William Powell Frith: A Painter and His World by Christopher Wood - review by John McEwen

John McEwen

Vigour and Pith

William Powell Frith: A Painter and His World


Sutton Publishing 272pp £20

In his mid-Victorian heyday William Powell Frith (1819–1909), best remembered as the painter of Ramsgate Sands (1852–54), Derby Day (1856–58) and The Railway Station (1860–62), was the most highly priced artist in the world. Even as late as 1875 his period piece Before Dinner in Boswell’s Lodgings, first exhibited in 1868, fetched £4,500 at Christie’s, the record price for a work by a living artist – easily comparable with the million-plus equivalents currently paid for contemporary art.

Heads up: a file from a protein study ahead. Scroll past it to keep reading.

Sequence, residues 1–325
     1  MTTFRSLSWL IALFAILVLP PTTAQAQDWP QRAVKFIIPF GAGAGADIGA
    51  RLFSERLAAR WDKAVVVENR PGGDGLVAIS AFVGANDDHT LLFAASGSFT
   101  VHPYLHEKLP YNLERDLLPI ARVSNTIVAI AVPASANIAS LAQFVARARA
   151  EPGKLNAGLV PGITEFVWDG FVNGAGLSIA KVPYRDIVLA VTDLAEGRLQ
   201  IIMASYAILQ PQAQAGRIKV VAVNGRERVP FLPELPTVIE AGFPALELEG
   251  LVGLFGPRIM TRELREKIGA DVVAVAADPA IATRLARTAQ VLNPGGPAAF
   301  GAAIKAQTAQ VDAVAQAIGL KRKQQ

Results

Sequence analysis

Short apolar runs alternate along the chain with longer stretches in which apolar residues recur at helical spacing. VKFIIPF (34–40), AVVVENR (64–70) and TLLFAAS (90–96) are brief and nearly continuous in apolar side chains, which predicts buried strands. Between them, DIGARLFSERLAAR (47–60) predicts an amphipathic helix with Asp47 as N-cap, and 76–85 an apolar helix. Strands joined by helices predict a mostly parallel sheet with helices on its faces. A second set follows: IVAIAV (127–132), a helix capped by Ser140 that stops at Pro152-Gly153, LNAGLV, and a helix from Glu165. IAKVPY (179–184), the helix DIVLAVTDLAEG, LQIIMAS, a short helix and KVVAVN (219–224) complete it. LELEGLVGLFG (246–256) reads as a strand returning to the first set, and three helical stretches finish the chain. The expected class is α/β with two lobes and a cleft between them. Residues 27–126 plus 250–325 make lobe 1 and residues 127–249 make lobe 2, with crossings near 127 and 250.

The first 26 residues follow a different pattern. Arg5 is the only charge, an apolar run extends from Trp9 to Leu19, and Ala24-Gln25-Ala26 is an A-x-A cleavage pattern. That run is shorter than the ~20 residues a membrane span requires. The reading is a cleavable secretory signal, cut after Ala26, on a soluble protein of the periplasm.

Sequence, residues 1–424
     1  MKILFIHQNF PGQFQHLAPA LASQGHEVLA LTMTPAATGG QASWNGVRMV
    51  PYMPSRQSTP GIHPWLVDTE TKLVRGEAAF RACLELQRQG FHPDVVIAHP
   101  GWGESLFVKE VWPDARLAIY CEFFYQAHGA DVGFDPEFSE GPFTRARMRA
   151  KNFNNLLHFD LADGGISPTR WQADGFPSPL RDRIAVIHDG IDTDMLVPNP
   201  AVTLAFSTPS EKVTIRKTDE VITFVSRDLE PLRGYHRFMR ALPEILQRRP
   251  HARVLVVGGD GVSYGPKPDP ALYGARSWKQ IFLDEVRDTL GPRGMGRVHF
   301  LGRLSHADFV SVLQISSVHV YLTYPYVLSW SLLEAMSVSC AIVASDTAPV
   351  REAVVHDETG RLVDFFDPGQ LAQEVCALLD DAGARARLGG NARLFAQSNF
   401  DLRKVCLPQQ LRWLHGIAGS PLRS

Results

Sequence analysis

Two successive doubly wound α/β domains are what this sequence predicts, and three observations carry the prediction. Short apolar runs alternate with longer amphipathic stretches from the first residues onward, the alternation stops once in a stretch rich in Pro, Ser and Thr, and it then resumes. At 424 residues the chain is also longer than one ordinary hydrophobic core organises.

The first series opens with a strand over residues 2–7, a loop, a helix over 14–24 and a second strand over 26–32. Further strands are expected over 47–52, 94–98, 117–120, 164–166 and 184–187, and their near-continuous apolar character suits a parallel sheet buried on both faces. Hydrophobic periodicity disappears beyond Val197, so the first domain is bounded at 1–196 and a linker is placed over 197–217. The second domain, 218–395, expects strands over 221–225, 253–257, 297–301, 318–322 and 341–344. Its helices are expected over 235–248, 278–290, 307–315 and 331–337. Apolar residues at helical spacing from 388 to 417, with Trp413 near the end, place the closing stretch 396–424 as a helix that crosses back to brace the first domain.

Now, in apparent anticipation of his centenary, this biography by the Victorian art dealer and historian Christopher Wood coincides with the exhibition William Powell Frith: Painting the Victorian Age at the Guildhall Art Gallery (until 4 March and then at the Mercer Art Gallery, Harrogate), the artist’s first exhibition since

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